A section of Ohio 794 that runs just a few feet from the Springfield Air National Guard base will close this November after it’s rerouted due to security concerns.
The $3.6 million project to relocate the base road is one of more than 80 projects the Ohio Department of Transportation District 7 will tackle during the 2013 construction season. It has five other projects slated for Clark County, totalling nearly $3.5 million.
The current road is too close to the base to satisfy post-9/11 military security standards, which state a road should be at least 82 feet from any inhabited building and at least 148 feet from primary gathering facilities.
“Back when this was all constructed this wasn’t an issue,” said Col. Gregory Schnulo, commander of the 178th Fighter Wing.
Even during a news conference Wednesday, the Air National Guard posted a security officer across the street due to concerns that people could get too close to operations.
Preliminary work has already started on the new stretch of roadway that will allow motorists to travel between U.S. 68 and Ohio 72 near the base, the Clark County Engineer’s Office said.
Since a new road will be built, Ohio 794 will remain open during the bulk of construction. Once complete, the existing roadway will become an internal part of the base, Clark County Engineer Johnathan Burr said.
The relocated road will run northwest around an Air Guard communications building under construction and a Army National Guard facility. The new section will start west of Peacock Road and connect with an existing section of Ohio 794 east of the base.
Finding money in a time when dollars are dwindling and construction costs increasing was key, said Randy Chevalley, ODOT District 7 deputy director. The road relocation project includes more than $2.9 million in federal funding and about $726,000 in state money.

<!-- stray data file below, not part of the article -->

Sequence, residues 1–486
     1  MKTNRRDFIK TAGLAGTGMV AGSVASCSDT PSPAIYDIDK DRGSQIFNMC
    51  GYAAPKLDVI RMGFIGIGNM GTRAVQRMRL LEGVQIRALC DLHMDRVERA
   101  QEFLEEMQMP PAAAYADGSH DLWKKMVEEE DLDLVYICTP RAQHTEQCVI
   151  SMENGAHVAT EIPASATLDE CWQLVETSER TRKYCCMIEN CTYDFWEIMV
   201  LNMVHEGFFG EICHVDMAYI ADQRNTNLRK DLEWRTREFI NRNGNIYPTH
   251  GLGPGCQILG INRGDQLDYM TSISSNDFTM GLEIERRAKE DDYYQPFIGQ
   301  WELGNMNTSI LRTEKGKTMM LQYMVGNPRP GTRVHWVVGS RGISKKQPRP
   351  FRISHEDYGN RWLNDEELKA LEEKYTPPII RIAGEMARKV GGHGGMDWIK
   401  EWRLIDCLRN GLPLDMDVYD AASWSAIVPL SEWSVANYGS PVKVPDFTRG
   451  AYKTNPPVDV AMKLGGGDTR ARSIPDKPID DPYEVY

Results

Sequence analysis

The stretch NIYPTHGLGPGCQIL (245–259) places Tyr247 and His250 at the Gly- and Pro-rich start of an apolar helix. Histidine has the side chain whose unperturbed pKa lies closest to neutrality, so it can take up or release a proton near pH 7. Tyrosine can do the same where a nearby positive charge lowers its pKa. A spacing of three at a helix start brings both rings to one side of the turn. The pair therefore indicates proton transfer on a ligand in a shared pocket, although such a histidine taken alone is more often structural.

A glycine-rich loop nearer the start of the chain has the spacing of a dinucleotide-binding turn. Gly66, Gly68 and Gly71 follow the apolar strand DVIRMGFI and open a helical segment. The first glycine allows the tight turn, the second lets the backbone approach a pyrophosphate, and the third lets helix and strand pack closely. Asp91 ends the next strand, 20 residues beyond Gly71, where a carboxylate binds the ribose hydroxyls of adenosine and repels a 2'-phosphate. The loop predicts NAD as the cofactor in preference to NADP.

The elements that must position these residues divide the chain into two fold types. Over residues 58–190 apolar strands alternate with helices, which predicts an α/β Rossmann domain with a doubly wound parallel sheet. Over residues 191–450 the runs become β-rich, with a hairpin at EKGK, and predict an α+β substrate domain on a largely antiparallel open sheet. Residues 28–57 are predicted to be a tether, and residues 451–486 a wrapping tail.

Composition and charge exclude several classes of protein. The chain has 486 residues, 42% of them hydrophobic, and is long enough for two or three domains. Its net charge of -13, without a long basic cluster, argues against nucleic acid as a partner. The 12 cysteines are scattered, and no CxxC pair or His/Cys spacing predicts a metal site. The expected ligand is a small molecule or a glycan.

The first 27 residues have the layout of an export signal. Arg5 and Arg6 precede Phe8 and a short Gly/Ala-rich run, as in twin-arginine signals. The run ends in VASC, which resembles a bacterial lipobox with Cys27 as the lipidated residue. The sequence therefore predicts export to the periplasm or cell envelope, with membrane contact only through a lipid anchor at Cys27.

The National Guard in December approved $119,000 to build a road connecting the new street to a new base entrance, which will face U.S. 68 along an older section of Ohio 794. The hope is it will be open in September, Schnulo said.
About 800 people are employed as part of the 178th Fighter Wing. It mainly handles intelligence missions and works with Predator Remotely Piloted Aircraft.
The other Clark County work this year:
• A $1.5 million project along Ohio 235 will include a two-way left turn lane along with storm sewers and sidewalks. Work will start May 20 and end in May 2014.
• About $361,000 has been allocated for the Interstates 70 and 675 interchange to replace lighting. Construction is underway and will be completed Aug. 31.
•A new $101,200 storage shed will be built at the Enon outpost to replace one destroyed by a storm.
• Milling and resurfacing will be completed on Ohio 41 along the north corporation limit of South Charleston to Ridge Road. Work will cost about $1.1 million and begin July 22 with completion near Oct. 15.
• Ohio 343 will receive structural steel repairs and bearing rehabilitation beginning in July. The cost will be about $416,390 and should be completed by Oct. 31.
In total, ODOT anticipates it will work on nearly 1,000 road projects this year, totaling about $2.3 billion statewide.
Roadwork, Chevalley said, is one of the state’s biggest economic drivers.
“For every $1 billion put in transportation you derive almost $3 billion after that and it usually creates about 35,000 jobs,” he said. “It’s just common sense as long as the roads can (continue) to be maintained and built that creates a lot of construction jobs for a lot of people.”